Examination of Body Mass Changes Among Division I Collegiate Football Players With Sickle Cell Trait
American football athletes are frequently hypohydrated before and during activity. Hypohydration increases the risk of exertional sickling in student-athletes with sickle cell trait (SCT). The authors examined weight charts from the 2010/2011 to 2018/2019 seasons at one Division I institution to determine if differences in percentage body mass losses (%BML) exist between those with and without SCT. Seventeen student-athletes with SCT and 17 matched-controls were included. A Bonferroni correction was applied to account for multiple comparisons (0.05/8), resulting in p < .006 considered significant. There was a significant difference for %BML between groups (SCT: 0.84 ± 0.65% vs. control: 1.21 ± 0.71%; p = .002) but not for the number of days %BML exceeded 2% (SCT: 0 ± 1 vs. control: 1 ± 1; p = .016). Implementation of proper hydration strategies minimized %BML in athletes with SCT, decreasing the risk of hypohydration and exertional sickling. The same strategies ensured all players remained below threshold to optimize performance and reduce heat illness risk.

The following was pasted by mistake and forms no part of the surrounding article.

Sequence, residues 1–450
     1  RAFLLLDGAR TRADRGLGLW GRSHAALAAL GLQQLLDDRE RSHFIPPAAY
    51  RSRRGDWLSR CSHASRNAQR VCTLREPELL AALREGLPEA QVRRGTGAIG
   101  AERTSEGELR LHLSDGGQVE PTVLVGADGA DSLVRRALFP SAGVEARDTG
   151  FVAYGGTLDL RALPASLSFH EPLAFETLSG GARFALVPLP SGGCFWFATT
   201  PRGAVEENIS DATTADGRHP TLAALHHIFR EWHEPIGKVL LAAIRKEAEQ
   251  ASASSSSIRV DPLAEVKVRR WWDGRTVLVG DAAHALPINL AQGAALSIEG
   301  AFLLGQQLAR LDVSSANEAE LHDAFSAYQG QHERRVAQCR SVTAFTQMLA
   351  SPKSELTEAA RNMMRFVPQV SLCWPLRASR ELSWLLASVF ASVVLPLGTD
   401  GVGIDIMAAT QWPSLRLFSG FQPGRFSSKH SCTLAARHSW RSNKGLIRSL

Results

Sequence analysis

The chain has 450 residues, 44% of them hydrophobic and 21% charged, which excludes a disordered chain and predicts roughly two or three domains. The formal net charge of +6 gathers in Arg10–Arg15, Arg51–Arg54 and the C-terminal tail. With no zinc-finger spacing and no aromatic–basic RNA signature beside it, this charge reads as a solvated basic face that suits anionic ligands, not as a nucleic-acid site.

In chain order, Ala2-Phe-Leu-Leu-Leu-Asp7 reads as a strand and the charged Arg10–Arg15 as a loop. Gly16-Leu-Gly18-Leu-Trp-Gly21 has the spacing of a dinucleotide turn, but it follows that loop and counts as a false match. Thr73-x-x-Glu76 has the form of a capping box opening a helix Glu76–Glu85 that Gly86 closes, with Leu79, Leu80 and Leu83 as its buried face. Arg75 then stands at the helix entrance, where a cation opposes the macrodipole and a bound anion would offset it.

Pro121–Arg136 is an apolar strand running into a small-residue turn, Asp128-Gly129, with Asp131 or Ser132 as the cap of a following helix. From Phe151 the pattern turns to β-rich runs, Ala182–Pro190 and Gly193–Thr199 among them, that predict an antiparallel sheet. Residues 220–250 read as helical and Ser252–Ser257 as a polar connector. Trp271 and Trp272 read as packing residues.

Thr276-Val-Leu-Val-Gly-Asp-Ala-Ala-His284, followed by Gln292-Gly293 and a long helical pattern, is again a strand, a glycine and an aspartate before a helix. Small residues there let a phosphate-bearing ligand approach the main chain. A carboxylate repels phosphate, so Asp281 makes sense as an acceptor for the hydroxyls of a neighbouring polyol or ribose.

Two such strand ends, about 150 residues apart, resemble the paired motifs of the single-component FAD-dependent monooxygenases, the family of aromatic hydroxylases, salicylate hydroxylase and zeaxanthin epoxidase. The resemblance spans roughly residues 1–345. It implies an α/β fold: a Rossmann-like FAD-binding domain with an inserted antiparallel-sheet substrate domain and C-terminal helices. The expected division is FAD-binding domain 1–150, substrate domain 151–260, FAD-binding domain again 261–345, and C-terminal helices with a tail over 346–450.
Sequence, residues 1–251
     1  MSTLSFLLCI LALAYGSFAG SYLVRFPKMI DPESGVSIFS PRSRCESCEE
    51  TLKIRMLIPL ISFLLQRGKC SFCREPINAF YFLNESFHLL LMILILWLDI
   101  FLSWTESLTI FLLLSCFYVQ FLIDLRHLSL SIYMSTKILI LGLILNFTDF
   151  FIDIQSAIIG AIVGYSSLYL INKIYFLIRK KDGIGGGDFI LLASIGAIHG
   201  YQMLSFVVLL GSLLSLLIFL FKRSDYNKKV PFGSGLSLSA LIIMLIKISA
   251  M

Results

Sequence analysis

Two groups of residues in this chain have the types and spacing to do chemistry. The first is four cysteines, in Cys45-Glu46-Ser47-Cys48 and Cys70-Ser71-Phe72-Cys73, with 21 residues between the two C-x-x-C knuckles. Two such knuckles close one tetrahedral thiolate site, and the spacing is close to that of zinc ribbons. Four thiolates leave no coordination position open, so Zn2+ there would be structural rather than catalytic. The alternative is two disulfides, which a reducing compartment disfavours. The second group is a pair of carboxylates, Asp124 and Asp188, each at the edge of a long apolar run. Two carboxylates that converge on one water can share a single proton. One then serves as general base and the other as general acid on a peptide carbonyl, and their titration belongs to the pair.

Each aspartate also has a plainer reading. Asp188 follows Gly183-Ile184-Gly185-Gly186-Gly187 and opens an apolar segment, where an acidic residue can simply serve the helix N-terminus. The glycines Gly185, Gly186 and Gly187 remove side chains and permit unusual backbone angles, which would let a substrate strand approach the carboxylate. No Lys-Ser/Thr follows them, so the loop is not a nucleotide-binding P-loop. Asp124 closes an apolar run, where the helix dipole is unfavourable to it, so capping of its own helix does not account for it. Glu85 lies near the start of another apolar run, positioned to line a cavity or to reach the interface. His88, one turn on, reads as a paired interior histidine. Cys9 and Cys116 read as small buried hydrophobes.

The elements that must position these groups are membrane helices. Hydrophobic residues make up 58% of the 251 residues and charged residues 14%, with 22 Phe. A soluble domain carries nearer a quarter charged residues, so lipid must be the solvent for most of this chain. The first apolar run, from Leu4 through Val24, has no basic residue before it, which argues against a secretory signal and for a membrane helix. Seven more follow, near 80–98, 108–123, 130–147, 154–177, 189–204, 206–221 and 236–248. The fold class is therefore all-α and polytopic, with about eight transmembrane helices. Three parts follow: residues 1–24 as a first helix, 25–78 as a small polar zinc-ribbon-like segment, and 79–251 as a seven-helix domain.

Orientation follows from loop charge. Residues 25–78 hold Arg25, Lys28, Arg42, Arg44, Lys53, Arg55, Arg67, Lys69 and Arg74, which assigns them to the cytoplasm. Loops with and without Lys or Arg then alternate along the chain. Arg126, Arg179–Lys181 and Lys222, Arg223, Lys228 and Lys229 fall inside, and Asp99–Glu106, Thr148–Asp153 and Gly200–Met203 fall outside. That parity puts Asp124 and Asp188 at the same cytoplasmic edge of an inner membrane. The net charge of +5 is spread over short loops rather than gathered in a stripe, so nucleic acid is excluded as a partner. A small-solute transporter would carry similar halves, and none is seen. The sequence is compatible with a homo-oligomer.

Publication Source (Journal or Book title)
International Journal of Athletic Therapy and Training
Hirschhorn, R. M., Gilbert, J. L., Cadet, D. A., Murphy, T. E., Haggard, C., Rosehart, S., & Yeargin, S. W. (2021). Examination of Body Mass Changes Among Division I Collegiate Football Players With Sickle Cell Trait. International Journal of Athletic Therapy and Training, 1-6. https://doi.org/10.1123/ijatt.2020-0075